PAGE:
There’s been a ton of talk around the blogosphere lately about reading for fun, and the advantages and disadvantages of letting kids choose reading materials for themselves. I’m going to start out with a bunch of links, because there’s been so many excellent points made be so many bright people. I encourage you to read some or all of this if you haven’t already. It’s thought-provoking stuff.
It was this NPR article about the cancellation of the much beloved TV program Reading Rainbow that first drew my attention to the differing philosophies in teaching reading skills. The article draws a distinction between the Reading Rainbow philosophy of teaching kids why to read, and other approaches, which focus on teaching kids how to read.
Then came this New York Times article about the introduction of “reading workshops” into some schools, in which students choose some or all of their own reading materials. Part of the intent of such programs is to encourage students to actually enjoy reading, and to develop a reading habit.
This follow-up essay brought up a specific curriculum tool that awards different amounts of “points” to different books. The quote that stands out to me (and makes me sad) is:
They base their reading choices not on something they think looks interesting, but by how many points they will get. The passion and serendipity of choosing a book at the library based on the subject or the cover or the first page is nearly gone, as well as the excitement of reading a book simply for pleasure.
The Reading Zone has a thoughtful and detailed reaction to both the Reading Rainbow cancellation and the NYT article here.
Author Meg Cabot talked (in her characteristically entertaining way) about her own experiences reading books she actually enjoyed versus books she was assigned in school.
Then there was this post, once again from The Reading Zone, responding to a statement by author Lois Lowry questioning whether kids who are allowed to chose their own reading materials and only chose “junk” will ever move on to “classics”. I particularly like that a distinction is made between “classics” and “good literature”.
So there you have a whole lot of excellent commentary by a number of smart folks. Here’s my personal experience:
I read a LOT of “junk” as a kid. I read books that I knew I was going to forget the day after I read them. I read books I absolutely loved that I kind of cringe at nowadays. I read Newbery winners. I read books that I still adore passionately, even if other people might not consider them “high literature”. But the point is: I READ.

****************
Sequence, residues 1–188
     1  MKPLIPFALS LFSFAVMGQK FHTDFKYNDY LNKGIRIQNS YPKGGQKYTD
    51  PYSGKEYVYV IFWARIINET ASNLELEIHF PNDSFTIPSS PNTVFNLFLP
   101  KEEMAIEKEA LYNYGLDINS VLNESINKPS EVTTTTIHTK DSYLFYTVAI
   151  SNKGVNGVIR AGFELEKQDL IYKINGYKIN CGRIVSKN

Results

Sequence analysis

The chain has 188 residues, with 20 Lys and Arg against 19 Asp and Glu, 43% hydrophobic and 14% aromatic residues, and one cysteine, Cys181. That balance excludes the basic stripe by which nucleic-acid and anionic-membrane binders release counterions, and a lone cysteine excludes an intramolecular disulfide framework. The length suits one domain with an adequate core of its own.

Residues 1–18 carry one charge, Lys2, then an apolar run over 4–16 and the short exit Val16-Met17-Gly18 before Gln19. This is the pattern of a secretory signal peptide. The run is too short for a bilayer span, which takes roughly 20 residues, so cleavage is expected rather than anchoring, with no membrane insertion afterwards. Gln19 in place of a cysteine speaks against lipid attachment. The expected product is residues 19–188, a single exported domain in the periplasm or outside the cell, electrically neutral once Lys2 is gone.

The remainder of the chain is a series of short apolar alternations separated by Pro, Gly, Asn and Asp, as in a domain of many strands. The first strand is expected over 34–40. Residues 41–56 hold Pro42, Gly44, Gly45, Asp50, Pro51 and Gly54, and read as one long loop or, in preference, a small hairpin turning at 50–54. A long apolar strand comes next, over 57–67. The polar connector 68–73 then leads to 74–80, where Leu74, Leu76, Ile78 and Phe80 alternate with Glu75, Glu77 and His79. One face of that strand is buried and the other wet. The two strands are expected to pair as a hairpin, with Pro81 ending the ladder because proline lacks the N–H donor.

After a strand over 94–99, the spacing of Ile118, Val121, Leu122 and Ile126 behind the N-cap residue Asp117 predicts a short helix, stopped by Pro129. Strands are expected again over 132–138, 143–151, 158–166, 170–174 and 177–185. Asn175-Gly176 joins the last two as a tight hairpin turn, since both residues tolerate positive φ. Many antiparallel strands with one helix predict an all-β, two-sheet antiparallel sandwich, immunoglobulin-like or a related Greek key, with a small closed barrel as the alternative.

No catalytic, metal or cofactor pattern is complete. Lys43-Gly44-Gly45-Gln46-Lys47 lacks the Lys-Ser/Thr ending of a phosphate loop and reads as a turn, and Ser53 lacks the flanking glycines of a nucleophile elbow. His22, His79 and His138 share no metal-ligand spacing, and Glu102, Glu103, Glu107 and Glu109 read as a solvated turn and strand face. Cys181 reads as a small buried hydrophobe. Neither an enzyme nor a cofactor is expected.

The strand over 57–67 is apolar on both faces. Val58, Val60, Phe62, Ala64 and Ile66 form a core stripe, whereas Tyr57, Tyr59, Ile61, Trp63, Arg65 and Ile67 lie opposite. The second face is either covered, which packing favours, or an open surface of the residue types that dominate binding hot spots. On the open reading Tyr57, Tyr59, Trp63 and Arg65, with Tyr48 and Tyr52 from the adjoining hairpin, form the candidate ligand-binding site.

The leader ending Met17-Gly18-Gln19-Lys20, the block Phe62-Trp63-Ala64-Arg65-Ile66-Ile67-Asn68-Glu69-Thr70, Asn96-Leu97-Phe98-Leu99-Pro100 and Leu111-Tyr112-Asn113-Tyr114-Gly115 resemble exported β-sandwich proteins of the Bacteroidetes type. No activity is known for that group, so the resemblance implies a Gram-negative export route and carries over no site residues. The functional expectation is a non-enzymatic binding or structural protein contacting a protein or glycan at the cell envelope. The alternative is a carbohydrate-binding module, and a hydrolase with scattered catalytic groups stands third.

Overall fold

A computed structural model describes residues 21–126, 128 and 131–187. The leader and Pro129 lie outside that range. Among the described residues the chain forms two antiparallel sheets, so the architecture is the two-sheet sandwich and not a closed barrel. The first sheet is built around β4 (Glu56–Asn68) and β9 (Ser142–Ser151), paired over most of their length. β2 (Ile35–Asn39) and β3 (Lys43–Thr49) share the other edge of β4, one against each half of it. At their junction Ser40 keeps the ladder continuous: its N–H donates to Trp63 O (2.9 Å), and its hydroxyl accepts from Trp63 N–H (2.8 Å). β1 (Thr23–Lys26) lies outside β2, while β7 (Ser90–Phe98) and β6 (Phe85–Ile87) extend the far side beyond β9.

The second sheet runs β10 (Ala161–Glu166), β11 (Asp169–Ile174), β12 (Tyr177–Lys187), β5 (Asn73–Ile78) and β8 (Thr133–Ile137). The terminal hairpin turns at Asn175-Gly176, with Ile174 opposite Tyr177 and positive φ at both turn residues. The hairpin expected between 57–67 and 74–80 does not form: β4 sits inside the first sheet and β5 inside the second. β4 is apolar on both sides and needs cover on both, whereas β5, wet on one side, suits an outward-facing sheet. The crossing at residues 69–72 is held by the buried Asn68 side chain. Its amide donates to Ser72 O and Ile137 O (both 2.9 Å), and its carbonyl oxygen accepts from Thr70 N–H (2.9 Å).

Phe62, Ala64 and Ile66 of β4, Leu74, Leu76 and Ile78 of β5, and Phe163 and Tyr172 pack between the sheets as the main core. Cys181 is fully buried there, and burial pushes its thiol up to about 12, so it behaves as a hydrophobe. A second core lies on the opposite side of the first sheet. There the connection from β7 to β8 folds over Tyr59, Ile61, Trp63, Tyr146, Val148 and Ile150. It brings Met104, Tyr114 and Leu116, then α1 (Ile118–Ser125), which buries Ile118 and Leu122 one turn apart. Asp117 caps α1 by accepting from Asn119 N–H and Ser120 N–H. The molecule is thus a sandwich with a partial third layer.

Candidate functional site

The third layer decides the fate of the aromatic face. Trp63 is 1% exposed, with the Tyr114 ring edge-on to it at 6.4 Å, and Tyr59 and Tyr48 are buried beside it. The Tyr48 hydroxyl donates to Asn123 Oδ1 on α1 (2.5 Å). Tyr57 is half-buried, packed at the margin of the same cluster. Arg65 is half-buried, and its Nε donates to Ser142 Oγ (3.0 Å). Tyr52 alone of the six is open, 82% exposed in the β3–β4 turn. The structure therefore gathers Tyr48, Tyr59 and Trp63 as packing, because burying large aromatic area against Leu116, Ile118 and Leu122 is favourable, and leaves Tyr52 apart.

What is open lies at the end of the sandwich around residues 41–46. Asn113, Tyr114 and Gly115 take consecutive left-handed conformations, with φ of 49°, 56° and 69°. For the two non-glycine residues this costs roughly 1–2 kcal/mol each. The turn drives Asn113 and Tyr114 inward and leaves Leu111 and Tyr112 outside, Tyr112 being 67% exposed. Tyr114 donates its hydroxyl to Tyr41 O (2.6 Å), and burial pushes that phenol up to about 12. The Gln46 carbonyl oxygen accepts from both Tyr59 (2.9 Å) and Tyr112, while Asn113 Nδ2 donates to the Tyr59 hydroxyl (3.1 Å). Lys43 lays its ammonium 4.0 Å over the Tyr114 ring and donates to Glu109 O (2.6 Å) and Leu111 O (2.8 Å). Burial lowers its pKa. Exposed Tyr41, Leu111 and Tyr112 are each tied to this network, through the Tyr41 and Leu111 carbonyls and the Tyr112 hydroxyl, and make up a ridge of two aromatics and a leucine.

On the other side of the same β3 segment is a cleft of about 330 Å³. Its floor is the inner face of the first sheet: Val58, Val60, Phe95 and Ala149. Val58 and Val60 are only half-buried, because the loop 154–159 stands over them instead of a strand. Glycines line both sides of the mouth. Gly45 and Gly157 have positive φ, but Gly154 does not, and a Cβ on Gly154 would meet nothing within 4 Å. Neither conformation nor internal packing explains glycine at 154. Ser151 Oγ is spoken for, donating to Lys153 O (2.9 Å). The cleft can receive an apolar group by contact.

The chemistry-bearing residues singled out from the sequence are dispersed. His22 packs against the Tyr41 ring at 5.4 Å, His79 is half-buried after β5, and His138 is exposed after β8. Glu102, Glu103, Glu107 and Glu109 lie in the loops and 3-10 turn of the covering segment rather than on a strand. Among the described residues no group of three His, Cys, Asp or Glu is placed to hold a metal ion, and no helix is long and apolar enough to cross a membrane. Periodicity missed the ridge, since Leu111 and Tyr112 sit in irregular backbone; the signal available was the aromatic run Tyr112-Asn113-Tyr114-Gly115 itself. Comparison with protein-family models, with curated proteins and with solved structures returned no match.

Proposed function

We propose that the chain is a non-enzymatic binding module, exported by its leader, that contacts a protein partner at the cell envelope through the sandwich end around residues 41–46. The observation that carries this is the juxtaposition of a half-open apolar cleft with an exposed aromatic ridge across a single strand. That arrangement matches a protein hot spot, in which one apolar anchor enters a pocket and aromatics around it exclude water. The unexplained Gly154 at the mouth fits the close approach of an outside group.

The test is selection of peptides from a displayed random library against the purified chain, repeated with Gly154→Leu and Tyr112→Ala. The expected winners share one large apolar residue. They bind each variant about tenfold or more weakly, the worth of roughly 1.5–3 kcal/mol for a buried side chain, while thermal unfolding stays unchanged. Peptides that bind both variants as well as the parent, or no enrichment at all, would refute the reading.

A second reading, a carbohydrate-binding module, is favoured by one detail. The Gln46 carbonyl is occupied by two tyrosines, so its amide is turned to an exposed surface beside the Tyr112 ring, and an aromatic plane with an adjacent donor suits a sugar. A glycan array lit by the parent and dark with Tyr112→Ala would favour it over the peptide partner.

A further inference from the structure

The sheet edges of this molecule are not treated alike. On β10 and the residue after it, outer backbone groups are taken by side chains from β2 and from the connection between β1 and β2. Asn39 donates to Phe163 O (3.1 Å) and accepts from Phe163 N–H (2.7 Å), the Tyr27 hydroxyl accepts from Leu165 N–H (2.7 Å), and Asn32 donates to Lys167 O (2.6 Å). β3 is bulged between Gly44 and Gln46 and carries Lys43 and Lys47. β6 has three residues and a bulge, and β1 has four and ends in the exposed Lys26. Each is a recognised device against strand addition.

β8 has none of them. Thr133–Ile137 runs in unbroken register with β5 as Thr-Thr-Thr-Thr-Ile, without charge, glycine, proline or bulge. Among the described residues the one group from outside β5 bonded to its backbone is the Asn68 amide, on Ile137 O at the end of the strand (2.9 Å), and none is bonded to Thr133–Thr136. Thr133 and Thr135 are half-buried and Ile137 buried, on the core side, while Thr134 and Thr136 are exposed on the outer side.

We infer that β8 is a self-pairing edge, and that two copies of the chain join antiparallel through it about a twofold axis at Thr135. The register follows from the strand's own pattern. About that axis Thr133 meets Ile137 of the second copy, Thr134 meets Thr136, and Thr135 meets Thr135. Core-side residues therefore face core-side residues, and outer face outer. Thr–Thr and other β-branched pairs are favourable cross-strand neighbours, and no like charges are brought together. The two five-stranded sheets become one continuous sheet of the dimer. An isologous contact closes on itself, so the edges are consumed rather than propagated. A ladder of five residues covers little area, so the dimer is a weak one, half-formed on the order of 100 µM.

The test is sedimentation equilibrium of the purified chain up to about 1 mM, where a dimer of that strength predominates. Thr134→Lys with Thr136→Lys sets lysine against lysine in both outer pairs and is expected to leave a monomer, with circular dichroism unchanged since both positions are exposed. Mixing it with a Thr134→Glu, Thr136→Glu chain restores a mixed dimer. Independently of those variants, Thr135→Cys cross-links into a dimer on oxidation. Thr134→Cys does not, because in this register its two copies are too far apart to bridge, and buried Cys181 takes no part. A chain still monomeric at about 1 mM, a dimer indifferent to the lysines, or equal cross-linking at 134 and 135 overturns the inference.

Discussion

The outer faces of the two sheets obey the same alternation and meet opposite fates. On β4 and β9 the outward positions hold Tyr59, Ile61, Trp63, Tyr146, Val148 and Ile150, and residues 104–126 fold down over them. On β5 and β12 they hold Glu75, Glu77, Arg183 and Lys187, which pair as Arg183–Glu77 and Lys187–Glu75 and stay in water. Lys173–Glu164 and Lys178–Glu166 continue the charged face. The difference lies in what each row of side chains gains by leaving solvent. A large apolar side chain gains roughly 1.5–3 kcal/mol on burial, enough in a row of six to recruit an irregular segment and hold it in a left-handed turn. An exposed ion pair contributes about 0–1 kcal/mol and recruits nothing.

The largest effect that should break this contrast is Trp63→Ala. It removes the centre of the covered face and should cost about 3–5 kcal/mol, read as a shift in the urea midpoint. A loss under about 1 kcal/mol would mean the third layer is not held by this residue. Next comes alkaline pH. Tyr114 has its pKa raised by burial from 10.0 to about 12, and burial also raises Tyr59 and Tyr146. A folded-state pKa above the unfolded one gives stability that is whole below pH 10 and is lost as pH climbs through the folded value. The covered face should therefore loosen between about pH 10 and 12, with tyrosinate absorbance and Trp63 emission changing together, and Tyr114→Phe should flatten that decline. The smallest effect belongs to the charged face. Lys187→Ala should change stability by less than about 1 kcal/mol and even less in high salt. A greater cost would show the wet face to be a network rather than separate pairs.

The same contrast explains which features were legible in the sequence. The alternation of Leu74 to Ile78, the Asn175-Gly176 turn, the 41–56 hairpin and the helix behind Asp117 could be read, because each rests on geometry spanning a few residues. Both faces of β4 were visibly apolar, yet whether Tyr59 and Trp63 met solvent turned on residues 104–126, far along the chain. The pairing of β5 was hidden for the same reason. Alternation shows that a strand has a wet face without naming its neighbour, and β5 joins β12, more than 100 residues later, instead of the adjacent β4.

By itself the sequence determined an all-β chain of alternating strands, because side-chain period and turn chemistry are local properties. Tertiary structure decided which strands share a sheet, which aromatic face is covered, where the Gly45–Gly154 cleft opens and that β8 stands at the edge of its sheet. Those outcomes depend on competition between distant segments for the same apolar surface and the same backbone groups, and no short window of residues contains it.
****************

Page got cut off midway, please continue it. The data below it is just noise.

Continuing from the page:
I read dozens of slim Doctor Who novelizations. I read all the Xanth books (horrible puns and rampant sexism and all). I read pretty much any book with a dragon or a unicorn or a spaceship on the cover. I read SASSY magazine and Beverly Cleary and The Cricket in Times Square. And tons and TONS of X-men comics.
I remember waking up really early and enjoying a long delicious mornings reading in bed before school (I was an early bird even then, so that was my version of reading late under the covers). I gulped down books in great piles. I visited libraries and used bookstores and Waldenbooks constantly. And it was so much FUN.
Nowadays I still read plenty of good books — excellent books!– but nothing has ever quite matched the pleasure of childhood reading. And it kills me to think that there might be kids out there missing out on that because to them reading is just another dull homework assignment.
Thinking back, I am trying to even remember anything I read for class in middle school or high school. I remember enjoying the Shakespeare plays (Macbeth and Hamlet) for the beauty of the language, and The Catcher in the Rye and The Outsiders. But I actively disliked The Lord of the Flies and most of the others left no impression on me at all. But I can still remember hundreds of details from my favorite (read outside of class) Star Trek novels (the ones about Uhura!). And because I loved those books I chose myself (mostly while wandering through libraries), I never stopped reading.
I don’t want people to stop reading.
One last note: if you loved Reading Rainbow as much as I did, here’s a way you can help try to save it.
What about you folks? How did your assigned readings from grade school and high school impact your identity as a reader? And do you all now have the Reading Rainbow theme song stuck in your head like I do?